MARKET ASSISTANCE SERVICES PROJECT PROFILE 1 I.

PROJECT TITLE: PRICE MONITORING OF FISH & FISHERY PRODUCTS

II. RELEVANT SUB-MAJOR FINAL OUTPUT - Production Support Services - Market Development Services - Information Support Services III. SUB-SECTORAL COVERAGE - Commercial Fisheries - Municipal Fisheries - Aquaculture - Post-harvest IV. LOCATION - Nationwide V. OBJECTIVES: 1. To monitor prices of top 15 fresh fish in different fish landing sites/ports, regional food terminals, barangay food terminals, supermarkets, and supermarkets. Below are the targeted top 15 fresh fish commodities preferred by consuming public: 1-a. Tilapia 1-I. Pusit 1-b. Bangus 1-j. Alumahan 1-c. Dalagang Bukid 1-k. Salay ginto 1-d. Galunggong 1-l. tambakol 1-e. Tamban 1-m. Samaral 1-f. Hipon/Sugpo 1-n. Hasa-hasa 1-g. Yellowfin Tuna 1-o. tawilis 1-h. Alimango 2. To determine the rise and fall of prices of various fresh fish commodities and the factors that contribute to it. 3. To submit weekly reports with observations and recommendations to the BFAR management. 4. To disseminate updates of monitored prices to QC LGU, media, consuming public and other interested parties; 5. To attend meetings, consultations, conferences, congress, and other venue of discussion relative to prices of fish and fishery products. RATIONALE: The rise and fall of prices of fresh fish and fishery products is basically the function of supply and demand. In fisheries the demand is increasing yet the supply is maintained if not decreasing.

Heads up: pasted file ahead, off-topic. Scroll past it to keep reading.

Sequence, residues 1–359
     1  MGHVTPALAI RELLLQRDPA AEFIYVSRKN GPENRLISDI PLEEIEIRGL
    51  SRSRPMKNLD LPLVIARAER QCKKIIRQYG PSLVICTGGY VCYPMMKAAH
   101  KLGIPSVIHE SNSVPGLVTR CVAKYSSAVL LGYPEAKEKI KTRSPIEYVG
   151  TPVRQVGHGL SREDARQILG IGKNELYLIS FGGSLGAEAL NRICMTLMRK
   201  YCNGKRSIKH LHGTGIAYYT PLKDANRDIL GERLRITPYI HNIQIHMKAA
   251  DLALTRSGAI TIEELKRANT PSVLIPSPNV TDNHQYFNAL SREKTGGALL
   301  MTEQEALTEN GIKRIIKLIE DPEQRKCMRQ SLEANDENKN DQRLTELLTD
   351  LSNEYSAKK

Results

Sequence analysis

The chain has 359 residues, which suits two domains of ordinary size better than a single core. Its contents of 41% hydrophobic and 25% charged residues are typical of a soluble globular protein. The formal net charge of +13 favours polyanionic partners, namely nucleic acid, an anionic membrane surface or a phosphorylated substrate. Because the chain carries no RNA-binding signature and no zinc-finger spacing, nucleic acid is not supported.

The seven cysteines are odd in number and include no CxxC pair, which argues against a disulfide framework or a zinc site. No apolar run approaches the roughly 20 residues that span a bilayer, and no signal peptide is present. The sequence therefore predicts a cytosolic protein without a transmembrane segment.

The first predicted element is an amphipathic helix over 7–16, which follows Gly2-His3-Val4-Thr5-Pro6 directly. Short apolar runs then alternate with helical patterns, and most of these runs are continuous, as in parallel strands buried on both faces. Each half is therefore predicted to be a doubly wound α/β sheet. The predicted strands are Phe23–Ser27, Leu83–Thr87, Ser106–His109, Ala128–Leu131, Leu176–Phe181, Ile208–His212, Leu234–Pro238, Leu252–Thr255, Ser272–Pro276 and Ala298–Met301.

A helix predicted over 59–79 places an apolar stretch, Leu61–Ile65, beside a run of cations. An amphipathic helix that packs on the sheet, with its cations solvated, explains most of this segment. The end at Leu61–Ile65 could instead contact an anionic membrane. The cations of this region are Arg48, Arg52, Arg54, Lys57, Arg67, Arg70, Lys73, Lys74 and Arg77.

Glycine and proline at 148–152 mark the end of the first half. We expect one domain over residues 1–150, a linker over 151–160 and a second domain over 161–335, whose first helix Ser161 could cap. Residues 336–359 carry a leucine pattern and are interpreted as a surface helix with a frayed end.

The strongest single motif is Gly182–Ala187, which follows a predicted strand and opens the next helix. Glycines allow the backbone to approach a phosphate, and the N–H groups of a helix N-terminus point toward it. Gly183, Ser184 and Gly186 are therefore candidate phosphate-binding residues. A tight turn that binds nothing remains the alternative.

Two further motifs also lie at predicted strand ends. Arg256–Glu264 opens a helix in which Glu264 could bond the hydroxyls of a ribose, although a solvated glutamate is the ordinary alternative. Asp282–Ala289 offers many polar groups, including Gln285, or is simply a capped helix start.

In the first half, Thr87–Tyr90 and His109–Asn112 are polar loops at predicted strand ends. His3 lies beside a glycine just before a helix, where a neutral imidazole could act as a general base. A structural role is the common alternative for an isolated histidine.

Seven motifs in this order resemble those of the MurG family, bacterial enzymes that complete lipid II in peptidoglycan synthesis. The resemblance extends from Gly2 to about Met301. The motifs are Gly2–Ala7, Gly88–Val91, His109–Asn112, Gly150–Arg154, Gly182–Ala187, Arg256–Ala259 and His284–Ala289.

High demand for fish and fishery products brought about by the following: 1. Fresh fish and fishery products markets has been expanded globally, brought about by the so-called globalization. Foreign selling missions and trade shows continually promote fish and fishery products to foreign buyers; 2. Consumers preference for fish and fishery products over meat and meat products for health reasons; 3. Increasing institutional buyers which are mainly fish processors who wished to add-value to their products and joined export markets; 4. Building of malls. Mall owners buy directly from fish producers; 5. Fish producers operate stalls in wet markets and sell fish and fishery products directly to consumers; 6. Booming tourism in the country; and 7. Industrialization of the Philippine national economy. Low supply of fish and fishery products due to: 1. Decreasing fishery resources due to competing use of freshwater, brackishwater and marine waters, especially municipal fisheries brought about by the industrialization coupled with tourism. Rice fields are turned into industrial estates, subdivisions, shopping malls, factories, etc., municipal waters are developed into resorts. Rivers, springs, lakes are tapped for hydroelectric plants; factories and industrial establishments at river banks drained their wastes into the river system killing the river and all the living things in it. Mining, especially open-pit mines drained tailings into the nearby rivers, brooks, and streams. 2. Underproductive and abandoned fish ponds for lack of operational capital; 3. Fish producers diversified into other business, for example, from fishing to malling; from aquaculture to fish processing; and production to trading; etc., 4. Low catch and production brought about by climate change; 5. Reduction of fish production in lakes and seas due to fish kills; 6. Lack of investments even available credit for fish producers; 7. Lack of assistance and interventions for increased fish production from the government. Observation: FIDSD has observed in its day to day market encounter with producers and buyers, the change in the Philippine fisheries marketing system. Traditionally, fisheries marketing is characterized by layers; and these layers have been identified as the cause of the high price of fish and fishery products in the markets. Presently, these layers in the marketing of fish and fishery products were eliminated in two ways: (1) producers sell directly to buyers; and (2) buyers buy directly to producers; both have no effect on the rise and fall of prices in fish and fishery products. Thus, we conjectured that the prices of fish and fishery products are governed by non-production factors, but external market elements—present prevailing market price, among others. Before, Navotas and Malabon are the two destinations of fresh fish be it coming from fishponds or seas. Today, however, this has changed. Fish producers bring their products to the nearest markets considering the high cost of fuel. This was also facilitated by the establishment of Barangay Food Terminals (BFT) and Regional Food Terminals (RFT) all over the country. Consequently, fish harvests in the local communities are either sold to traders-on-site or brought to the nearest BFT/RFT.